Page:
IBC Grows in Scope, Reach and Diversity
As well as providing a host of new initiatives this year, the exhibition grew by 667m2 and conference delegates were up by 14% year on year. One of the most important growth figures lies in the diversity of its content with a targeted effort increasing women speakers at the conference up from 14% to 37%.
The IBC International Honour for Excellence saw its first-ever woman recipient this year, too. Joan Ganz Cooney was the co-creator of the global phenomenon that is Sesame Street, 50 years ago and her trophy was collected on her behalf by one of the street’s longest residents, Ernie.
The IBC App has provided real networking opportunities, with more than 91,000 interactions on the matchmaking platform. In addition, IBC trended number one on Twitter in the Netherlands on several days of the convention, with 185 million potential impressions and over 250,000 video views. Engagement with IBC has also increased on a year-round basis with IBC365 – the site now has over 55,000 subscribers averaging 49,000 active users per month.
Michael Crimp, IBC’s CEO, comments; “The show is about engagement, engagement, engagement. The stats are up in almost all areas and re-bookings are ahead of last year. IBC is much more than a trade show, we have developed a basket of data-driven statistics including sales leads generated on stands, conference attendance and IBC365 views and this sharing of information is pivotal to the longevity of IBC’s success and sits at the core of the organisation.”
“All of the initiatives this year have been aimed at bringing together the best minds, the original thinkers, to network and share their knowledge. As all communication becomes video and audio, IBC continues to be the place to debate the future of media, technology and entertainment,” adds Crimp.
Guiding the renewed focus this year was a new content steering group, drawn from across the industry, and chaired by Keith Underwood, Chief Operating Officer at Channel 4 in the UK.
IBC head of content Jaisica Lapsiwala, said, “This year, we have worked closely with the industry to create a programme that is not only reflective of the changes in the ecosystem, but which also paves a path forward for our industry. This has resulted in an engaging and diverse 2018 edition of IBC. An example of this was our Global Gamechangers day which brought creative, technology and business chiefs such as Zahra Rasool from Al Jazeera, Peter Salmon from Endemol and Lindsay Pattison from WPP to the stage. Threaded through the programme were the cutting-edge technologies transforming the industry. Blockchain is a great example, with a keynote from Kim Jackson of Singular DTV and papers from people who are already implementing it, like Éric Minoli of Groupe Média TFO.”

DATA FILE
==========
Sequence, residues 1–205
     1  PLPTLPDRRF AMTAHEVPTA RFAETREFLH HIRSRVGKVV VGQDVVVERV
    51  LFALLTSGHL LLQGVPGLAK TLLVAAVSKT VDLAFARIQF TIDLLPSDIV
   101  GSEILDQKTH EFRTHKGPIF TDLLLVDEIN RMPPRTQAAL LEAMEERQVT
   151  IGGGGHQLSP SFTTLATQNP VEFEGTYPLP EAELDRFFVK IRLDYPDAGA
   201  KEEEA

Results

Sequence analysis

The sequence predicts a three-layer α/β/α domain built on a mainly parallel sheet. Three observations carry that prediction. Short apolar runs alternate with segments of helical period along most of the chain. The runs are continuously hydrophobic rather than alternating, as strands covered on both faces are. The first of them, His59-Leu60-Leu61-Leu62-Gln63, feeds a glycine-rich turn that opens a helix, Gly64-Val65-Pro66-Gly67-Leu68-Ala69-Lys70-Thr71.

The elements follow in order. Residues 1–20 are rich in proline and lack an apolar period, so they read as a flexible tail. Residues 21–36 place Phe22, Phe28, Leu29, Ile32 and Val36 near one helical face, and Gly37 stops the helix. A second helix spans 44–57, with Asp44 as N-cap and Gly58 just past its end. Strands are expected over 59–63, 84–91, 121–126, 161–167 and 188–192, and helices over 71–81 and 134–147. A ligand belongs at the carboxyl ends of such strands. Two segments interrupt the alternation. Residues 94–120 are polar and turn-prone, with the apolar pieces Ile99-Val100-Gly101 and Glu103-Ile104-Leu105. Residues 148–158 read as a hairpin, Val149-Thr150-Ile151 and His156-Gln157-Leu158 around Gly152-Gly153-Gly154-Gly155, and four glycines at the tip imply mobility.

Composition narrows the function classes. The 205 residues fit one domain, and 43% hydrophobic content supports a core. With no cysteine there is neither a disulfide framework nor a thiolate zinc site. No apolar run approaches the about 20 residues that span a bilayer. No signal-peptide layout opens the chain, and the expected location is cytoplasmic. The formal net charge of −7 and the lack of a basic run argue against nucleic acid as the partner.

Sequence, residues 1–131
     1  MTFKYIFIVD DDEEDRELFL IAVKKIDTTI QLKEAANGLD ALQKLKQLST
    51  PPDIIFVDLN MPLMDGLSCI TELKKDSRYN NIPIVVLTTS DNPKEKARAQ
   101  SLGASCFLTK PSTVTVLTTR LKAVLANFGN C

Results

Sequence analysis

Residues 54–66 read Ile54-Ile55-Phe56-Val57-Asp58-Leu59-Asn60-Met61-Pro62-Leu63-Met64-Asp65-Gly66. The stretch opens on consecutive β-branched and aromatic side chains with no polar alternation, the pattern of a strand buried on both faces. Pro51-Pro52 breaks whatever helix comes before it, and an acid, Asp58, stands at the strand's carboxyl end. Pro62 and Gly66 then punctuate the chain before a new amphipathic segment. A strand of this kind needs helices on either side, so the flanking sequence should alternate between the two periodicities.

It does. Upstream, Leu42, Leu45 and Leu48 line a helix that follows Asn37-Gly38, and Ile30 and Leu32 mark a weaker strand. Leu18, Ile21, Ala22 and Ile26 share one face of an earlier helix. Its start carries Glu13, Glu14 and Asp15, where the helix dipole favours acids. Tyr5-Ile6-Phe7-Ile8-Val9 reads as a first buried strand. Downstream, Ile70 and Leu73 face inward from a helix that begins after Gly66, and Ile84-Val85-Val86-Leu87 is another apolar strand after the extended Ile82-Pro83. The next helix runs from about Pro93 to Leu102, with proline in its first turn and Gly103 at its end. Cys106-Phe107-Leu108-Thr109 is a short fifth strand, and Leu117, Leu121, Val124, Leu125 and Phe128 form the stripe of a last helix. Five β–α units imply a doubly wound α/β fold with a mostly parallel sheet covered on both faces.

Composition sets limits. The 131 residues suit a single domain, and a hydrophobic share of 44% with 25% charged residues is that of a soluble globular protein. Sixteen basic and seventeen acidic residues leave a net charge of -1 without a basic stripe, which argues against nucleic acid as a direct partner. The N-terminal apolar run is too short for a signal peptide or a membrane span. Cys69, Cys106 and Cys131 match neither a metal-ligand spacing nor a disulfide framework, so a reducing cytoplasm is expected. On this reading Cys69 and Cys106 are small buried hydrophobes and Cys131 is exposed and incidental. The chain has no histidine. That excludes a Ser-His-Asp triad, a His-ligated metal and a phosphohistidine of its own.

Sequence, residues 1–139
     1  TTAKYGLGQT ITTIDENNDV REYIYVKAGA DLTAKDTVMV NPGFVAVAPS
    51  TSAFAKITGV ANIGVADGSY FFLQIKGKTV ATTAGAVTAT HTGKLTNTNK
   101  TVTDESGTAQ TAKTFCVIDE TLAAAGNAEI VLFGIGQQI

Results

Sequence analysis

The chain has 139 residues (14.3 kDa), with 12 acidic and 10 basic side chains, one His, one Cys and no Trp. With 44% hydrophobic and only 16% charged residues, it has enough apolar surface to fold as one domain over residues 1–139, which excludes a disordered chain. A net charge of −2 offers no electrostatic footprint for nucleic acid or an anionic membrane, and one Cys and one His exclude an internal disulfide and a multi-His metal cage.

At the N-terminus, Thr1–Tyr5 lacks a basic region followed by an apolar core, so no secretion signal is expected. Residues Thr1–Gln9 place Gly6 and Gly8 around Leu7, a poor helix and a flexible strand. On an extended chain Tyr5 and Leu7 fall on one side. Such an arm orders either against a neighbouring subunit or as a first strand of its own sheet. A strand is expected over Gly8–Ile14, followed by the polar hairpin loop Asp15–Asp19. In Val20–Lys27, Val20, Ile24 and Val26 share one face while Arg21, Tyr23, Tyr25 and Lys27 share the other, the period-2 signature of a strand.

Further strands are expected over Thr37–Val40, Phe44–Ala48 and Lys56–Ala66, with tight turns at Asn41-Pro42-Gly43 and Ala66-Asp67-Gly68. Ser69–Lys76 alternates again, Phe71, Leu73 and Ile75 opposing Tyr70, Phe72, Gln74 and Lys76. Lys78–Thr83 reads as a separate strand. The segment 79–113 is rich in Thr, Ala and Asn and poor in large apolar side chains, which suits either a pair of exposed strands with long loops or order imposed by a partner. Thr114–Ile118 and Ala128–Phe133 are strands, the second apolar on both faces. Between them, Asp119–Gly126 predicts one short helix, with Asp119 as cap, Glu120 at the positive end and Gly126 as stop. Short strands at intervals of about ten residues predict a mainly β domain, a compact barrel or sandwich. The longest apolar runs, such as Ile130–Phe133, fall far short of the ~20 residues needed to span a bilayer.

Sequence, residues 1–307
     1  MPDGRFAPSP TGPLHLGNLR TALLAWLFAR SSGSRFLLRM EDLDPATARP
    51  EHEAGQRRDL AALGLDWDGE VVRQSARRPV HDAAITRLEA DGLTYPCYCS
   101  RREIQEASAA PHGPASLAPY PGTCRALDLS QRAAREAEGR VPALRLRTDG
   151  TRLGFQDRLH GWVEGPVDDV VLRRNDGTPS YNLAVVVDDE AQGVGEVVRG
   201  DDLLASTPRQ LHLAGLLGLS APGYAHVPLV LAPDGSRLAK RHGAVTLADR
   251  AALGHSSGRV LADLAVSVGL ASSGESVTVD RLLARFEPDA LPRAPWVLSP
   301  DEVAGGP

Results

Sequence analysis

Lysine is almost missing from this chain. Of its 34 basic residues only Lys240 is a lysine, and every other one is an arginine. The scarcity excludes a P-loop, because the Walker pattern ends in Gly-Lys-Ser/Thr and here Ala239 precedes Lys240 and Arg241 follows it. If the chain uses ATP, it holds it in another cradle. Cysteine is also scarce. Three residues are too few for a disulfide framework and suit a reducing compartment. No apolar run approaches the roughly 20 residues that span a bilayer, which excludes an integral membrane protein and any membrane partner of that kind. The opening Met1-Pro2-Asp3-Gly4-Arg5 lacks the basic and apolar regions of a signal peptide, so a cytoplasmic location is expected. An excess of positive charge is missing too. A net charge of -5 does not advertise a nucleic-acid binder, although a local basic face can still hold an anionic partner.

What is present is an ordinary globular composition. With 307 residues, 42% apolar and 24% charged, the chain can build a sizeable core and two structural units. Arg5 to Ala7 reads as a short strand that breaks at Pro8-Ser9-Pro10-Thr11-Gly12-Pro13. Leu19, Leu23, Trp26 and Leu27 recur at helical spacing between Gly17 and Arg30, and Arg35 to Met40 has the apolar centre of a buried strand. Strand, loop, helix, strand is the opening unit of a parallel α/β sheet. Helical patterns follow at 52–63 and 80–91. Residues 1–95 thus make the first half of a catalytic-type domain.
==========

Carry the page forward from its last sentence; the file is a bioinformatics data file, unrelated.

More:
Alongside the conference, IBC hosted three invitation-only executive forums. The Leaders’ Forum looked to the future, considering what the new ecosystem could be following consolidation, acquisition and collaboration. The Cyber Security Forum considered not just the threats but how to respond to them. New to the programme this year was the Telco and Media Innovation Forum, a vital point of debate as the boundaries between media and communication blur.
Once again, IBC was the venue for an examination of the intersection of craft and technology in The Big Screen. Sessions included an in-depth look at the effects in Game of Thrones and Pixar’s Dominic Glynn talking about the animation marvel that is The Incredibles 2 – and how things have changed in the 14 years since the original movie.
The Future Zone is always a busy part of IBC, with presentations from researchers and academic bodies developing the ideas which may become the hit products five years from now. This year saw the addition of a theatre stage, presented by one of IBC’s owners, IABM, with a rolling programme of presentations discussing the ideas in more detail.
As well as the IBC Big Screen, the IABM Future Trends Theatre and the Content Everywhere Hub, staged presentations and enlarged on-stand meeting areas are becoming an increasingly common feature of exhibition stands throughout the show. “As the industry has moved on from big boxes handling discrete functions towards a software-based world that looks across the content supply chain, so the way vendors present themselves and interact with visitors at IBC has changed,” said Roger Thornton, chair of the IBC exhibition committee.
“Today, it’s all about collaboration to deliver solutions that give broadcast and media companies the agility and flexibility they need to keep ahead in this rapidly transforming media landscape. That’s why we’re seeing more and more companies using big-picture theatre presentations on their stands and providing large meeting areas where the conversations that kick off the collaboration get started.”
IBC2019 starts with the first day of conference sessions on Friday 13 September, running until the exhibition closes on Tuesday 17 September.